Keith McCullough: Four days ago, I wrote an Early Look titled “Huge Selling Opportunity.” I had never written those three words together, even back in 2008. So I don’t know if people need conviction or hand holding or whatever, but what you really need is a process.
The S&P 500 was near the top end of the Risk Range when I wrote that. It also had gone to an implied volatility discount of -37%.
That’s not the case this morning, with Joey Kernen watching the Dow in points. Implied volatility has come in a bit.
If you look at the Risk Range today, there’s actually more upside than downside. Don’t tell the bulls. If I was working on the Old Wall I might just get on the box and say, “Hey, we’ve got ourselves a buying opportunity here.”
The top end of the Risk Range is 2798 so that’s +2.8%. So the S&P 500 has +2.8% upside versus -2% downside with the low end of the range is 2668.
Again, what did I tell you to do? When the VIX is between 17 to 19, don’t chase the charts. Make sales. The top end of the Risk Range for the VIX is 23.82 so in the 22 to 24 range is where you’d be covering shorts.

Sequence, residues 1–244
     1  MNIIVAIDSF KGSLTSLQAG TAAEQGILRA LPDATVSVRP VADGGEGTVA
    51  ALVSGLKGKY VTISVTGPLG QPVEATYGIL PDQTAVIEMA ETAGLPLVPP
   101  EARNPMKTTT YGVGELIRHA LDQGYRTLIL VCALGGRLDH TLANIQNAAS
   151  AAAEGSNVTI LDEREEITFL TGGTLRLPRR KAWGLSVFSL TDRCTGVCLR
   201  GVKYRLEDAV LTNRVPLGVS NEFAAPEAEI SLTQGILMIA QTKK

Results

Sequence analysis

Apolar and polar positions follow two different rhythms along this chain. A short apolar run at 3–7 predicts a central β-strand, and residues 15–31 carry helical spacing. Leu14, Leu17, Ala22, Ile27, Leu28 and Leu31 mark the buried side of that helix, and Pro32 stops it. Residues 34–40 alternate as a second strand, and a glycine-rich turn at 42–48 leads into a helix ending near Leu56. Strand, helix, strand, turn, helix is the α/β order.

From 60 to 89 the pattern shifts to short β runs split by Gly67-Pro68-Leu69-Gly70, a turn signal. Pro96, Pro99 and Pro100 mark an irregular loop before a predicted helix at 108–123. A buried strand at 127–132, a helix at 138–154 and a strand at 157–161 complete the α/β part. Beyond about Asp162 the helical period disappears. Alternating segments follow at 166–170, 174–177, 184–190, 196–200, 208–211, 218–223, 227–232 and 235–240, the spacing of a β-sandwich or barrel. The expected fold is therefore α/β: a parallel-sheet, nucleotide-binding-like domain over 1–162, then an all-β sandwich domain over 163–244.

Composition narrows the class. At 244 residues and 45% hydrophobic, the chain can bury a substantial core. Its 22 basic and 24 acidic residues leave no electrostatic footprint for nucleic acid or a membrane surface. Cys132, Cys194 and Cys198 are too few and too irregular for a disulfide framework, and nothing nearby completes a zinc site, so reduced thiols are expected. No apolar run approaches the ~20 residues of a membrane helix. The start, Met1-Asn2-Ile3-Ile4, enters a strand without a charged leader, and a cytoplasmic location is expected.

I’m just trying to give you a playbook. The math of the Risk Range changes dynamically so I just want to give you a better framework to make decisions.
If you look at yesterday’s selloff, not surprisingly, it came on accelerating volume. So there you have it. You had accelerating volume on a down day. Volume accelerated 6% versus the 1-month average and 21% versus the 3-month average.
McCullough: Plus, six sectors were down on the day. Energy stocks (XLE) led the losers. No, we didn’t want you to be long Energy stocks, down -2.3% on the day. The newly manufactured Communications (XLC) ETF was a terrible place to be. It’s down -3.2% for the month of November. I thought the bear market was over? No, it just started. And Utilities (XLU) is up +2.6% for the month of November getting you paid right there in your wallet.